OGJ Washington Editor
WASHINGTON, DC, May 4 -- Ten environmental organizations and an Alaska Native village government appealed the US Environmental Protection Agency’s decisions to issue air-quality permits for Shell Offshore Inc. to drill exploratory wells on its Arctic Ocean leases from July to December.
EPA’s Region 10 office in Seattle issued the permits to Shell on Apr. 9 for its Beaufort Sea leases and on Apr. 1 for its Chukchi Sea tracts. The permits regulate emissions from Shell’s Frontier Discoverer drillship and support vessels during the 2010 drilling season.
The groups, which include the Alaska Wilderness League, Center for Biological Diversity, Sierra Club, and the Native Village of Point Hope, argued in their May 3 appeal that Shell should be required to use best available control technologies and take other steps to curb emissions further.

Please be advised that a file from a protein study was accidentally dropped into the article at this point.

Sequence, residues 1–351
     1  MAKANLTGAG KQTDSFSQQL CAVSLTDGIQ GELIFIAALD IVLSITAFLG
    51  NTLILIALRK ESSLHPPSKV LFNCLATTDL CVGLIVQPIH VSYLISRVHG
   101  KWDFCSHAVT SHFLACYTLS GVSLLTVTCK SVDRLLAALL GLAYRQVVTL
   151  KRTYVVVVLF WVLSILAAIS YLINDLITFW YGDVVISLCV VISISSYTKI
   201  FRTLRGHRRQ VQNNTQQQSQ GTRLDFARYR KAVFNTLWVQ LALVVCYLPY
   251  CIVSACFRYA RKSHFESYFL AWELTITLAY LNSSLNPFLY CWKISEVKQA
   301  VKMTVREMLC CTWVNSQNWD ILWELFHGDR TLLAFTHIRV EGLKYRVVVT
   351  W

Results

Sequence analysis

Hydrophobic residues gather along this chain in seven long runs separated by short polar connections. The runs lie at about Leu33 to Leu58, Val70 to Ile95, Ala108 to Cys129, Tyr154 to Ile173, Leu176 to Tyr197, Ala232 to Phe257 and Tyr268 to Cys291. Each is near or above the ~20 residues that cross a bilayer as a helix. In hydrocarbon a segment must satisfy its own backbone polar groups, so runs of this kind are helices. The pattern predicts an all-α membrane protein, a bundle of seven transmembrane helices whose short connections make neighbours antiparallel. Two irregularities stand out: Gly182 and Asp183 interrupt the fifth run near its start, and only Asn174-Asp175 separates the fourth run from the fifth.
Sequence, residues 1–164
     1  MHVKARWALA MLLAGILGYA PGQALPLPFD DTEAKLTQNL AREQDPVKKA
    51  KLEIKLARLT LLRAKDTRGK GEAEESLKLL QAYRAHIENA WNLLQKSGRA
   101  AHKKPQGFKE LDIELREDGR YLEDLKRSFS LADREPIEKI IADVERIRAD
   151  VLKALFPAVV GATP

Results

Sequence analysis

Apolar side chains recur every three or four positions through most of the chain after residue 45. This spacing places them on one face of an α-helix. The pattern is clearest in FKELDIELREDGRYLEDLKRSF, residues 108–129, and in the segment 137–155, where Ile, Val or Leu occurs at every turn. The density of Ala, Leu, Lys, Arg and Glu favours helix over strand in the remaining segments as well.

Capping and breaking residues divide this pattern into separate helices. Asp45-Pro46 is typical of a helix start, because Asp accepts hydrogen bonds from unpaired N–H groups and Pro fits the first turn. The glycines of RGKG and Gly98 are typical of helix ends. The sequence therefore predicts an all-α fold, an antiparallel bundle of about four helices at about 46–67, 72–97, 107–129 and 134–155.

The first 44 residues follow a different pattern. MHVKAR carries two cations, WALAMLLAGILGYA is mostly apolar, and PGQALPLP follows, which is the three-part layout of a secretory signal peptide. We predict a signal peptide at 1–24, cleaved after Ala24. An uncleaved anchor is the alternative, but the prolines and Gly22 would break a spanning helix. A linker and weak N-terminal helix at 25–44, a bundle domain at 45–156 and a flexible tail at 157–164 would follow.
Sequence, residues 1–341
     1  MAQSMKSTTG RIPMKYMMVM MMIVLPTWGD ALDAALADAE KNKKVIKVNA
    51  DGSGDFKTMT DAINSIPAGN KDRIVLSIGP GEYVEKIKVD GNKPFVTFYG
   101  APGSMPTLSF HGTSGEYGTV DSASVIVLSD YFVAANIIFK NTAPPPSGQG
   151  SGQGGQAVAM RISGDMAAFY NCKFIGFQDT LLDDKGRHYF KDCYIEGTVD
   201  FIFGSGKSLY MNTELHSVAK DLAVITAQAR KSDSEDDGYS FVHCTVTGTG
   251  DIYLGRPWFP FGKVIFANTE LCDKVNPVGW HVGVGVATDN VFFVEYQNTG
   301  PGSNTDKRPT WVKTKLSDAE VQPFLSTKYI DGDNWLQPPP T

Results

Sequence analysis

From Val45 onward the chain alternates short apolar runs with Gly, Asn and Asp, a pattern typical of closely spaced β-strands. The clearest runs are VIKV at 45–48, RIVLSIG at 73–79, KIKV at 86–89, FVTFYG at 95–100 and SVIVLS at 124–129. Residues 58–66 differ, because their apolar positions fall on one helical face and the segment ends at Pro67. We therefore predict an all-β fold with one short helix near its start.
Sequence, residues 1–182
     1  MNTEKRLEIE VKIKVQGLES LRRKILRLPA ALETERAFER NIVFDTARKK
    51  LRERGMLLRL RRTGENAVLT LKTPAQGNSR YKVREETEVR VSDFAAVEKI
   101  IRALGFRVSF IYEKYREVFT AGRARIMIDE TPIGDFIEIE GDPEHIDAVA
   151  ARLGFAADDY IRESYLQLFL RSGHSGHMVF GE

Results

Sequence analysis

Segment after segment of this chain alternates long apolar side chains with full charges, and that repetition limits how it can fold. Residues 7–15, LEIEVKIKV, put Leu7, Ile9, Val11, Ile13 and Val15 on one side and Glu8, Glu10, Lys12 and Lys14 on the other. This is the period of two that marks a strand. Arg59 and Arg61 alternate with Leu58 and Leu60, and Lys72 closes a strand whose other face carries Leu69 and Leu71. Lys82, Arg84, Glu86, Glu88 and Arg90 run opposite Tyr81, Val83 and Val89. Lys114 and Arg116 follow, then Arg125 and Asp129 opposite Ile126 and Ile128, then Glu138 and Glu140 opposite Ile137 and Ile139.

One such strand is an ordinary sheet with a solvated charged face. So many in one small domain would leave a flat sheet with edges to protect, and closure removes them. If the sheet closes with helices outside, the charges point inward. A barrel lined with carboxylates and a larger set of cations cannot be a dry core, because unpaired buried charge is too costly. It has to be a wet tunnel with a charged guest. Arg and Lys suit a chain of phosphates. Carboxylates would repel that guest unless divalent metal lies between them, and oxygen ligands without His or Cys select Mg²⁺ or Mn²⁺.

They asked EPA to make Shell take every possible precaution following the ongoing crude oil spill in the Gulf of Mexico. “Clearly, they are having trouble containing and cleaning the oil in the ‘tropical’ Gulf of Mexico. Imagine if you throw in blizzards and floating ice chunks,” said Dan Ritzman, the Sierra Club’s Alaska program director. “I’ve observed oil industry response drills in the Arctic Ocean and there are many times during the year when the conditions prohibit any outside human activity.”
Earthjustice, a nonprofit environmental law firm which was founded in 1971 as the Sierra Club’s legal defense fund, filed the appeal on the group’s behalf.
Contact Nick Snow at email@example.com.
Groups appeal EPA issuing Arctic air permits to Shell